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Becoming a technology superpower: is the UK producing enough scientists?

Published on July 3rd 2024

While the UK boasts a relatively high proportion of STEM graduates compared to other countries and performs well in tertiary education attainment levels, it faces significant challenges in meeting the demand for specific STEM-related skills in the labour market. Drawing on insights from Section 4 of the 2024 UK Innovation Report, this article delves into the statistics, compares the UK’s performance with other nations, and discusses the implications for the future workforce, particularly in the engineering, manufacturing, and construction sectors.

Compared with other countries, the UK has a relatively high proportion of science, technology, engineering and mathematics (STEM) graduates

The UK performs relatively well in terms of tertiary education attainment levels (as measured as the percentage of the population aged 25–34, in the same age group). In 2022 the share of the population with tertiary education in the UK was 57.7%, compared to 47.4% of the OECD average.

When focusing on science, technology, engineering and mathematics (STEM) disciplines, in 2020 the UK awarded 183,000 first university degrees in STEM, compared to 2.5 million in India, 2 million in China and 900,000 in the US. However, when normalising for the population in the 20–34-year-old population, the UK produces a higher proportion of STEM graduates. In 2020 the UK awarded 1,393 first university degrees per 100,000 people in STEM disciplines, compared to 1,317 in the US and 690 and 650 in India and China, respectively (Figure 1).

In 2022, more than half (52%) of the UK’s STEM graduates, however, pursued health-related disciplines (Figure 2). The UK is producing fewer graduates in engineering, manufacturing and construction.
In a study conducted for the UK government, it is estimated that the UK will need to fill around 382,000 research and development (R&D) jobs by 2027. Engineering UK, an advocacy group, estimates that 173,000 new engineering and technology jobs will be created by 2030.

In 2021 the percentage of graduates in engineering, manufacturing and construction in the UK was only 9.1%, which is significantly lower than Italy, Switzerland, Japan, Korea and Germany. In these countries, the percentage of graduates in these disciplines ranged from 14.4% to 22.1%.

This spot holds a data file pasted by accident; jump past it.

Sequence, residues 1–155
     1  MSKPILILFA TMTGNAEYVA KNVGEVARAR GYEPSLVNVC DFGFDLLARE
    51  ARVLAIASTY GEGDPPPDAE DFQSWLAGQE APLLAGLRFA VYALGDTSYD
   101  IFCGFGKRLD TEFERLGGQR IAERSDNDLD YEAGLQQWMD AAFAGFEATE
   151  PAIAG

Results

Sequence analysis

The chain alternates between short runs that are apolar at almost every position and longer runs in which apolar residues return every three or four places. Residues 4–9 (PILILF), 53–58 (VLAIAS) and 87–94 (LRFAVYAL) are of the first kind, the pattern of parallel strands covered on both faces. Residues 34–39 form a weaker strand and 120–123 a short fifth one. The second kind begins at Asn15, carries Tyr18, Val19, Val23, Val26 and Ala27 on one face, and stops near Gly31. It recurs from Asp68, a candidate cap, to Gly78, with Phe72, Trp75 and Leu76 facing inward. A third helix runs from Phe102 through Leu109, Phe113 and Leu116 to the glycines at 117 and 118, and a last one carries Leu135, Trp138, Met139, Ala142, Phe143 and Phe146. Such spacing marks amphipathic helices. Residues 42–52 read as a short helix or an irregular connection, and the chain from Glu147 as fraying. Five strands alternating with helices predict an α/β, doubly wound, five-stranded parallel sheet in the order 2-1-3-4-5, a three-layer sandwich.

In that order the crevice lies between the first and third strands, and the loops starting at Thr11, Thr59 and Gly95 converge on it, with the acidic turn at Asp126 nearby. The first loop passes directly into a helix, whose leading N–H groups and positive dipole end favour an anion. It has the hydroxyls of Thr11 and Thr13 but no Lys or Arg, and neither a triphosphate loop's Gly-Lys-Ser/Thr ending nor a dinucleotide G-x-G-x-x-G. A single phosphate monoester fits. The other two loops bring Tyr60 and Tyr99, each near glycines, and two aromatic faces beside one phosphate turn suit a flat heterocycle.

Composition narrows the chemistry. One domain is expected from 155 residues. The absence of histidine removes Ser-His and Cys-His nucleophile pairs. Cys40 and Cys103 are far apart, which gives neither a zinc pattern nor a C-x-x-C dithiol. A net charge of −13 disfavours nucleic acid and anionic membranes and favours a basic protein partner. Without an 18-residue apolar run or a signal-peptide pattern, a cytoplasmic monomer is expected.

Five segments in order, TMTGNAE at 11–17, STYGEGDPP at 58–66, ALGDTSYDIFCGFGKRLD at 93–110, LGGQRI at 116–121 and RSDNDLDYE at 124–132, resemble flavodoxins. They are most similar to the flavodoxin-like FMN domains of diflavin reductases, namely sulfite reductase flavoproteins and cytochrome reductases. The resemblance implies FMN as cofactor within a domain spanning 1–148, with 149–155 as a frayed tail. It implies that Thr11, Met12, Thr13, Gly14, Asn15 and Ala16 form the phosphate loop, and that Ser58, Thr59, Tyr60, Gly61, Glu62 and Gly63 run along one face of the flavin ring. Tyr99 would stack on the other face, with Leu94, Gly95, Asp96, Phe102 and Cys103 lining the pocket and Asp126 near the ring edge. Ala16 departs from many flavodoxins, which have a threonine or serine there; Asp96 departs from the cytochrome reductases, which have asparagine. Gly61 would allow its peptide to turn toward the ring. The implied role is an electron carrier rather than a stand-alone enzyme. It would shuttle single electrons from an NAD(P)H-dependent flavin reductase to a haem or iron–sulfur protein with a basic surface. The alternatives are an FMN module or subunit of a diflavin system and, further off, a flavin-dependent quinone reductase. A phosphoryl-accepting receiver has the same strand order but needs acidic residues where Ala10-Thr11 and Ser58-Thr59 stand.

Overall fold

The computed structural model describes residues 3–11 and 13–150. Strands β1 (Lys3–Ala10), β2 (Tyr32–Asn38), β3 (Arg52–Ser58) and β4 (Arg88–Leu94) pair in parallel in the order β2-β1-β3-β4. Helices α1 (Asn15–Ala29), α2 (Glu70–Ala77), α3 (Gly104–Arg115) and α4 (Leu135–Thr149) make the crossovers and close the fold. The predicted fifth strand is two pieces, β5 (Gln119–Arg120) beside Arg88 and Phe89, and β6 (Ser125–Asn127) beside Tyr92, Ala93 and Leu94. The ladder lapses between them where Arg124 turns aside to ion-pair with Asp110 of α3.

Despite the high proportion of STEM graduates, there are significant STEM-related skills gaps in the UK labour market

In the UK, 934,000 vacancies were recorded towards the end of 2023, 46% of which were in fields related to STEM disciplines such as human health (18%), professional scientific and technical activities (10%), manufacturing (7%), education (7%) and information and communication (4%).

At the beginning of 2024, 12% of UK firms in manufacturing and 6.9% in information and communication said they were experiencing a shortage of workers.

When compared to the OECD and the European Union, for UK employers it is difficult to find individuals with skills related to medicine, scientific knowledge (biology, chemistry, physics), digital skills (computer programming, data processing, ICT safety and network, office tools and collaboration software) and production and technology knowledge (building and construction, design, engineering and technology, quality control analysis) (Figure 3).

Despite a strong foundation in STEM subjects, the share of engineering graduates is comparatively low. Many of these graduates do not pursue engineering or manufacturing jobs, instead opting for roles in consulting, teaching, finance, and other fields. To foster the development of advanced technologies like AI and create high-value products and services, the UK will need even more engineers and computer scientists. If the current rate of engineering graduate production continues, the UK may face significant skill shortages in the near future.

This article draws from Section 4 of the 2024 Innovation Report.

For data, references, and more analysis on the UK’s competitive advantage, including analysis of the machinery and equipment sector and whether the UK is capturing value from the net zero transition, see the full 2024 Innovation Report produced by Cambridge Industrial Innovation Policy.

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